What is appendicitis?
Appendicitis is inflammation of the appendix. The appendix is a worm-like extension of the large bowel, found in the lower right area of the abdomen. Whilst the appendix has a function in different animals, it has no known purpose in humans.
What causes appendicitis?
It is thought that the main cause is that the appendix becomes blocked, causing inflammation. This may resolve spontaneously, but more often progresses. If left long enough, appendicitis can cause serious illness and even be life-threatening.
What symptoms can appendicitis cause?
Classically, appendicitis starts as pain around the belly-button area. After a few hours this moves to the right lower abdomen or occasionally flank area. The pain is usually worse when moving or coughing, and can be severe.
Loss of appetite almost always happens, which may be accompanied by nausea.
A high temperature may occur later on in appendicitis but not usually at an early stage.
What tests can be done?
The diagnosis of appendicitis is mostly made by the doctor's findings when examining you and the story given by yourself.
If any doubt exists, more information may be gained with blood tests. Scans generally do not help in diagnosing appendicitis, but can help find other causes of abdominal pain.
Occasionally the specialist may organise a laparoscopy - whilst under anaesthesia, narrow telescopes are used to look into the abdomen through small cuts. If the appendix is inflamed, it can be removed at the same time. A laparoscopy may be particularly useful in females, where ovarian problems can mimic appendicitis; the specialist would be able to have a look at the ovaries and see if any problems exist whilst checking the appendix.
How is appendicitis treated?
Surgery will be needed to remove the inflamed appendix. This can be performed laparoscopically (as described above) or as an 'open' operation. Both are performed under general anaesthetic. Open surgery involves a small cut being made in the lower right hand area of the abdomen. The appendix can then be removed and the wound stitched closed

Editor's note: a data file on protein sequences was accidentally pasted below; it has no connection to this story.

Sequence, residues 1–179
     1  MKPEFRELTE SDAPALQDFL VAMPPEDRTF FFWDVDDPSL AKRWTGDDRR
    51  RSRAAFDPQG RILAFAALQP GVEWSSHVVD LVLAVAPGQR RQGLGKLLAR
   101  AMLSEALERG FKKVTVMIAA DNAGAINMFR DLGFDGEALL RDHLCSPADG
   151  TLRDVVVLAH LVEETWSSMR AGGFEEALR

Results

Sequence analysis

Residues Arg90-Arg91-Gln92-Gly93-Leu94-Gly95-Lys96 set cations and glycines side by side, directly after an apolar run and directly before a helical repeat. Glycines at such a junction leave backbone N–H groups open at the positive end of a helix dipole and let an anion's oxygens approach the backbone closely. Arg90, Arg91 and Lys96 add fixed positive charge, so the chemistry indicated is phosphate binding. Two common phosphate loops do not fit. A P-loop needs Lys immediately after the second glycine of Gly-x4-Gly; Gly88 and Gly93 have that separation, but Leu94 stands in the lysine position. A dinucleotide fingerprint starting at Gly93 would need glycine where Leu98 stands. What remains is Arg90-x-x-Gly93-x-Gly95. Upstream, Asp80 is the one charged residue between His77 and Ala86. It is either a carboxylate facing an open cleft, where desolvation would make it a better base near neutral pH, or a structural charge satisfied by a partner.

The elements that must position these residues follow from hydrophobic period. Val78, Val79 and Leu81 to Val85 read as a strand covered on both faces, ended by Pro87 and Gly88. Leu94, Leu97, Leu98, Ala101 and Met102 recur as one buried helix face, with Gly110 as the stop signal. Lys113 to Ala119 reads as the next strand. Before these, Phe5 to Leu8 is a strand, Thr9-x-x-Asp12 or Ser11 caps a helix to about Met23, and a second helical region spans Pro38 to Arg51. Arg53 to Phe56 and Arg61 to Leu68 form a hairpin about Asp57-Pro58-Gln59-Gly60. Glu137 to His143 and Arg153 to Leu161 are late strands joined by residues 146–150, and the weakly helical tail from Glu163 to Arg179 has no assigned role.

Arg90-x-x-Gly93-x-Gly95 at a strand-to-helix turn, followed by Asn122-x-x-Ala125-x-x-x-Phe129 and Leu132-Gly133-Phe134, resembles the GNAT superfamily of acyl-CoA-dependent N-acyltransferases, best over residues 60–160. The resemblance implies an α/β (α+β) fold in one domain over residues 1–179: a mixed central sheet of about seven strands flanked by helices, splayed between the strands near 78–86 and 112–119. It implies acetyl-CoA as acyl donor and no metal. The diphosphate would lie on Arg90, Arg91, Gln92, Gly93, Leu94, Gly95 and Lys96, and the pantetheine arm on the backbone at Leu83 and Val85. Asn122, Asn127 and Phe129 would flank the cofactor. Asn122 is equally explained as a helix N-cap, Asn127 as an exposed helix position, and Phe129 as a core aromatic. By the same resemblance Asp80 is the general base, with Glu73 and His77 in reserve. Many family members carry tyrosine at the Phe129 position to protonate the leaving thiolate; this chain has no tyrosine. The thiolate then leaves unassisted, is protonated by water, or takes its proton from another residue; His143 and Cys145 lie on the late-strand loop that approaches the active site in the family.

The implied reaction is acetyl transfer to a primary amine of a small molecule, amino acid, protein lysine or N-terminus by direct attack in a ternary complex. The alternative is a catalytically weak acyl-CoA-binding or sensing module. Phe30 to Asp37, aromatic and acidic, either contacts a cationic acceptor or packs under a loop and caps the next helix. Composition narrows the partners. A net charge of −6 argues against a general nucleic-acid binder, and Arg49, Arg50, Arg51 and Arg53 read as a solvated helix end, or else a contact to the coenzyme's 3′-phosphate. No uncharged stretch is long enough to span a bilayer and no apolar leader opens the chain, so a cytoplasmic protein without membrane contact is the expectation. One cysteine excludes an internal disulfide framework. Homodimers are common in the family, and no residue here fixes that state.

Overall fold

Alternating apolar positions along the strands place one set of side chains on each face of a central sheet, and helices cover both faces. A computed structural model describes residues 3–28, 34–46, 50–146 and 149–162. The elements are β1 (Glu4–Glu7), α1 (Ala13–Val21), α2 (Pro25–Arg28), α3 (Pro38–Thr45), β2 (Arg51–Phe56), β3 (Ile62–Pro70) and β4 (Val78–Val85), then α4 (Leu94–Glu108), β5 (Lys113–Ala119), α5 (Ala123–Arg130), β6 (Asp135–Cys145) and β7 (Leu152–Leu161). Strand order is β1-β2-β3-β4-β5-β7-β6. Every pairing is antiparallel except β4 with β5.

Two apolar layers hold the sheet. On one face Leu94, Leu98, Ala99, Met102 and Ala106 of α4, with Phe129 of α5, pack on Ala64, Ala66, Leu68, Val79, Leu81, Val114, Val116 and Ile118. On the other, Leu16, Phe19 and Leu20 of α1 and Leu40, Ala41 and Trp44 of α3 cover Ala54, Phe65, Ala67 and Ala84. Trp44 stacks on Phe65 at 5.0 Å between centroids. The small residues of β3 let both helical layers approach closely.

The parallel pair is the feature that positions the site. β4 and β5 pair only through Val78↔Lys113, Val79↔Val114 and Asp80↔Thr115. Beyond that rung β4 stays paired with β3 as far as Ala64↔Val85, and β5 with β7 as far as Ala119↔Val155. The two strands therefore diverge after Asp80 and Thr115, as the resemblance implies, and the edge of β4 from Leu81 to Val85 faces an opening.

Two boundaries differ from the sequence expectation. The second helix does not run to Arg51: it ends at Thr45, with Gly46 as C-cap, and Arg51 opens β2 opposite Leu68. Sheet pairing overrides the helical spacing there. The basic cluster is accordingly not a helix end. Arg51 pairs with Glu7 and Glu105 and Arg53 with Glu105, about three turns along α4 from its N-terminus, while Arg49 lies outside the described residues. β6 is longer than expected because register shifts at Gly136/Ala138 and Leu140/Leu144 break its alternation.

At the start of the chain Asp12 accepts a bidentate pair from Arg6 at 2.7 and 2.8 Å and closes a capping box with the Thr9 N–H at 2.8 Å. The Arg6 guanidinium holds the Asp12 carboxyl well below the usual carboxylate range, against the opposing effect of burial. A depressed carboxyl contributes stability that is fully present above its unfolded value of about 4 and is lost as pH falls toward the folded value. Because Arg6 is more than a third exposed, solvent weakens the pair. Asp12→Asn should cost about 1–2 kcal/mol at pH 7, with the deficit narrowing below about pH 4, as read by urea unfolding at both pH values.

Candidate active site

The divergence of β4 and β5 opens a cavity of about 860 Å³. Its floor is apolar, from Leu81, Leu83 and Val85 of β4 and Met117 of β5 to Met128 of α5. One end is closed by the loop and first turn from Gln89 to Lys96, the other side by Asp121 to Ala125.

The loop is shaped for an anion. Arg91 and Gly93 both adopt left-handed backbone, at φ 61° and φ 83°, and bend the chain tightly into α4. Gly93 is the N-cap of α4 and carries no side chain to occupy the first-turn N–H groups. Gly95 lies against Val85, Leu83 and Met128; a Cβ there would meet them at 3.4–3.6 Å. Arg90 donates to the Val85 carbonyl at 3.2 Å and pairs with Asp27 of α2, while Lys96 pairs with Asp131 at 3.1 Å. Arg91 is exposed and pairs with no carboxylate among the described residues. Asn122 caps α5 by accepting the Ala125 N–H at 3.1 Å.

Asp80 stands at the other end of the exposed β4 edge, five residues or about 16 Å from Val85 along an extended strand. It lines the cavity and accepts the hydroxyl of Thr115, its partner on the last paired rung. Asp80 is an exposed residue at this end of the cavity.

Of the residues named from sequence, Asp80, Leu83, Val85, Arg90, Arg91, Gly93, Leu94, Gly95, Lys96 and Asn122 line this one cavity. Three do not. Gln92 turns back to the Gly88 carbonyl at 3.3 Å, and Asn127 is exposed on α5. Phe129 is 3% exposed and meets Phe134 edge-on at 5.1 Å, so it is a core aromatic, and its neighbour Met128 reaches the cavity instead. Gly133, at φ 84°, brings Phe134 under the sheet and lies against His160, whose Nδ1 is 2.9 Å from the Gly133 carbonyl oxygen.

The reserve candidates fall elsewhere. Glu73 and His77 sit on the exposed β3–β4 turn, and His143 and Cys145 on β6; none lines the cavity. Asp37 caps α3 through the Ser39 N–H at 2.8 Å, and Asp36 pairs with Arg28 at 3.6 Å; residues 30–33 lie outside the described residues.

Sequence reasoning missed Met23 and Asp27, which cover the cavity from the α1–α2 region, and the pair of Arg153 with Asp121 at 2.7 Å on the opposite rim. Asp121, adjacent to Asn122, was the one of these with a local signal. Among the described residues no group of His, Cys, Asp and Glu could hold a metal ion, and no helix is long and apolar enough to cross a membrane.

About a fifth of removed appendixes will be normal. In this case the surgeon will have a careful look for any other causes of the abdominal pain. If a cause is found then this may be treatable at the same time, or further treatment may be planned for a later date.
What are the risks of appendix removal?
Hernia - if the deep tummy muscles do not heal well after the surgery, the underlying bowel could push through the muscle, being seen or felt as a lump. Hernias may need an operation to treat them.
Infection - this may require antibiotics, or rarely further surgery.
Injury to other structures - injury to bowel, nerves or blood vessels is rare but can occur, which may need further surgery.
Bowel leakage - after the appendix stump is closed there is a small risk that a leak may occur, allowing bowel contents to escape into the abdomen. This often needs further surgery.
Adhesions - surgery in the abdomen will lead to scar tissue forming. This can stick to nearby bowel, which may cause problems such as obstruction. This can require further surgery.
Difficulty passing urine - if this happens you may need a tube (catheter) for a day or two to help you pass water.
Blood clots in the legs - clots in the calf (deep vein thrombosis / DVT) can usually be treated with medication, but a DVT can (rarely) move to the lungs. This can cause breathing difficulty, or even be life threatening.
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Any procedure involving skin incision can also result in unfavourable scarring, wound infection, or bleeding. This list of risks is not exhaustive, and you should discuss possible complications with your specialist. Whilst these risks will seem very worrysome, and indeed can be serious, it should also be borne in mind that many people have no postoperative problems whatsoever.
The information provided is as a guide only and you should discuss matters fully with your specialist before deciding if this is the right procedure for you. Please also read our disclaimer